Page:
Price differences can also be an issue, and some plant-based meat substitutes cost more than animal-sourced protein. Despite this, 61 percent of consumers in the 2015 meat alternatives market study agreed that paying more was worthwhile if the products were better for their health.

Land and water use are other areas of contention, with fans of plant-based proteins claiming that water requirements are much lower and that too much of the world’s forests is being razed to grow livestock for meat production.

The global market Despite the ongoing debate over sustainability, cost and appeal, it’s clear that plant-based meat substitutes are becoming more popular with consumers.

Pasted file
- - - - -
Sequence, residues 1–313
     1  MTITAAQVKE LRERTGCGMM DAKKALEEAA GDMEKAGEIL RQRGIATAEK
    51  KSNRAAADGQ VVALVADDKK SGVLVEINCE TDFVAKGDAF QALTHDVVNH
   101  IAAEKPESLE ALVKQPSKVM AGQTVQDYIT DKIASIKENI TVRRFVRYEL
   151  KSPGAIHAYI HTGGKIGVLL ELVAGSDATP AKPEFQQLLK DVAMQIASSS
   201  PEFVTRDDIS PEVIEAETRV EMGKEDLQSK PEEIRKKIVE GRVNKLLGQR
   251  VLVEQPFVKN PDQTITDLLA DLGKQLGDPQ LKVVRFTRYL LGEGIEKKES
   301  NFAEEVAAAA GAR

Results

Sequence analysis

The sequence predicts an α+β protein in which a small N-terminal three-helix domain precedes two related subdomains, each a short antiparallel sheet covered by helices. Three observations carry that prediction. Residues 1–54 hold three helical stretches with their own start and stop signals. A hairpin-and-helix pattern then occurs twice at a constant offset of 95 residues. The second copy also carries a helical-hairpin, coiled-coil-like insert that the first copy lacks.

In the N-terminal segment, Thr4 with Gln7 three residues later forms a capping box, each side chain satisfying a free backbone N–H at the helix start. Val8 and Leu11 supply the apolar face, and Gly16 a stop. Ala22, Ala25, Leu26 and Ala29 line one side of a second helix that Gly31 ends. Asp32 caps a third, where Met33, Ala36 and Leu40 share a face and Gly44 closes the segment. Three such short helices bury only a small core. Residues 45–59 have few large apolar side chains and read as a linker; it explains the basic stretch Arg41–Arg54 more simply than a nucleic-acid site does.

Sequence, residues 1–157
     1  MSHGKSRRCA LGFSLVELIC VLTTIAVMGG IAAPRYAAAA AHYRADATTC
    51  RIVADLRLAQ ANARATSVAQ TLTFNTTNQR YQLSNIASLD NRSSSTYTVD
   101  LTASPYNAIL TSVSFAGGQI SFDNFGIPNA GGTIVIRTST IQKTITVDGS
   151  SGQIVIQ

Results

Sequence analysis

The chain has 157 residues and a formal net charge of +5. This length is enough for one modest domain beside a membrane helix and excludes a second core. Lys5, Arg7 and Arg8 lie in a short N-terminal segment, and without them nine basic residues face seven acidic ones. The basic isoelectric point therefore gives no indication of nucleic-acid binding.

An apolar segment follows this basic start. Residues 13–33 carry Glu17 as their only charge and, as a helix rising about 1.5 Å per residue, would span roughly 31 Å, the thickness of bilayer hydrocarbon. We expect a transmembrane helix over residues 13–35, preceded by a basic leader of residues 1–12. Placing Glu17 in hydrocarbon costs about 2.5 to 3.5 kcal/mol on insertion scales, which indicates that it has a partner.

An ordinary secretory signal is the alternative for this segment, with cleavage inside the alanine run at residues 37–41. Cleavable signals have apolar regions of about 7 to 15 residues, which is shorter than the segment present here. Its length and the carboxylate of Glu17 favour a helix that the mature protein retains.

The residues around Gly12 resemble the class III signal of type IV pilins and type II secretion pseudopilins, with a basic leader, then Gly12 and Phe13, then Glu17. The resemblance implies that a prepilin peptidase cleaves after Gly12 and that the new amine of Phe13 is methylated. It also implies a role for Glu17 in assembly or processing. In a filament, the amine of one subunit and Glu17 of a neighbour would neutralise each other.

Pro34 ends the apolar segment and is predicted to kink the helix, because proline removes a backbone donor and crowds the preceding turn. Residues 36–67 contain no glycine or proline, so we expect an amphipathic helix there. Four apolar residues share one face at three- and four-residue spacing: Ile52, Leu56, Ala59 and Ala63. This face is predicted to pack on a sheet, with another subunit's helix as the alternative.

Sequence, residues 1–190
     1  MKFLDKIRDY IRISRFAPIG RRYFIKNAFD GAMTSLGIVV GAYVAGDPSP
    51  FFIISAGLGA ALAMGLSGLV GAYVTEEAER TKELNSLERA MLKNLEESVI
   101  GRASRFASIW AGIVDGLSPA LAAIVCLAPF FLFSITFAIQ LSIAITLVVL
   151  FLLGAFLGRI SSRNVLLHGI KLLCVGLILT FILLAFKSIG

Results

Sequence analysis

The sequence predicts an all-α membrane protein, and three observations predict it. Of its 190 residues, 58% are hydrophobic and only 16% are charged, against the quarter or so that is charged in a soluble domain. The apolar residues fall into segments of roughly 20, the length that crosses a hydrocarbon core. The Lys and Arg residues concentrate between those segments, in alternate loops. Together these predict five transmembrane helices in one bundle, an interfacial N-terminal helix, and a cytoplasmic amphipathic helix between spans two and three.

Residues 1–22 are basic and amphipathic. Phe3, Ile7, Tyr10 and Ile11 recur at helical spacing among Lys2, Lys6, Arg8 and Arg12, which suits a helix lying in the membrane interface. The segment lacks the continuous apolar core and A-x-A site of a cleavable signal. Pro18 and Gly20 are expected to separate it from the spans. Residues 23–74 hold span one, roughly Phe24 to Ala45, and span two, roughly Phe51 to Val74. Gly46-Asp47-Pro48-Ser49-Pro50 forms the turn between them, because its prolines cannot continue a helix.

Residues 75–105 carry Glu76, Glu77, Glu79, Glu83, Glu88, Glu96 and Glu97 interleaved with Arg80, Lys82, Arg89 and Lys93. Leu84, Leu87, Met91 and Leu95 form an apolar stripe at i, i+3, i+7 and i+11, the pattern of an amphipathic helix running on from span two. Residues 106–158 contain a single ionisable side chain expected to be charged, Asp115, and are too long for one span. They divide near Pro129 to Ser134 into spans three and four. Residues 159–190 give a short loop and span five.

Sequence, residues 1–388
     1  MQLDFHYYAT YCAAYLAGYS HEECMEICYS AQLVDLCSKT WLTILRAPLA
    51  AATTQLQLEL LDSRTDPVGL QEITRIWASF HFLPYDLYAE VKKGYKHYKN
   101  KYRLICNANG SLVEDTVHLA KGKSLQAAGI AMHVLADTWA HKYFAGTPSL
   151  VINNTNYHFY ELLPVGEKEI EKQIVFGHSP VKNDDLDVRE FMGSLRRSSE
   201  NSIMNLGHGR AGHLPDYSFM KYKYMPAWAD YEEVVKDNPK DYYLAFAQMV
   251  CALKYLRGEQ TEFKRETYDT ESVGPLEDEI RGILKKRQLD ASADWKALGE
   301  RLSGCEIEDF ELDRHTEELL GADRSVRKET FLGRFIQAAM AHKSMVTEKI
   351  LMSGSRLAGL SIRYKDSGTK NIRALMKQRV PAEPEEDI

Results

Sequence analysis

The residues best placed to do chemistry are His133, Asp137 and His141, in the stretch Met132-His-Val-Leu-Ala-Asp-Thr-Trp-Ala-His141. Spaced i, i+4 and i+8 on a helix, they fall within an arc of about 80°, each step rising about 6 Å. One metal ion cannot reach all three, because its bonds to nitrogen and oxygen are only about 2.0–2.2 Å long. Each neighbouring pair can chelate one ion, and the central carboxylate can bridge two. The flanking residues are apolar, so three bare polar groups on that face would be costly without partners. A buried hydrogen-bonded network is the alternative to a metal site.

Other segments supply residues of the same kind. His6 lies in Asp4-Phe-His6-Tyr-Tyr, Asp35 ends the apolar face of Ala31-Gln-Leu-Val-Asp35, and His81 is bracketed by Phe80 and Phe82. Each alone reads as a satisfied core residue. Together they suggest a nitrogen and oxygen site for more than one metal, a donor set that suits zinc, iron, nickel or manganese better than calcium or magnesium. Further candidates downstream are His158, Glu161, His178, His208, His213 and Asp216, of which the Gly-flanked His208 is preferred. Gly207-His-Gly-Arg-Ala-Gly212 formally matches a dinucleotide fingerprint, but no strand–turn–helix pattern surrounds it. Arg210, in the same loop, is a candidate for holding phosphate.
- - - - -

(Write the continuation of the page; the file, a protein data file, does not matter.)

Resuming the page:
Recent projections put the global market for meat substitutes at $5.17 billion by 2020, with the largest share of the market being in Europe. According to one report, soy-based products held more than half of the market share in 2014, followed by tofu and related ingredients at about 41 percent. Frozen products comprised about 78 percent of the total market share.

Experts say that new product launches are expected to push the industry to even higher growth levels in the next few years.

Consumer and industry trends Appeal is a very personal thing when it comes to food items, and meat substitutes are a prime example. Tofu has gotten a reputation for being boring and bland, and Tofurky is an annual joke around more than a few Thanksgiving dinner tables.

Man looking at meat in store
Checking meat prices at the grocery store.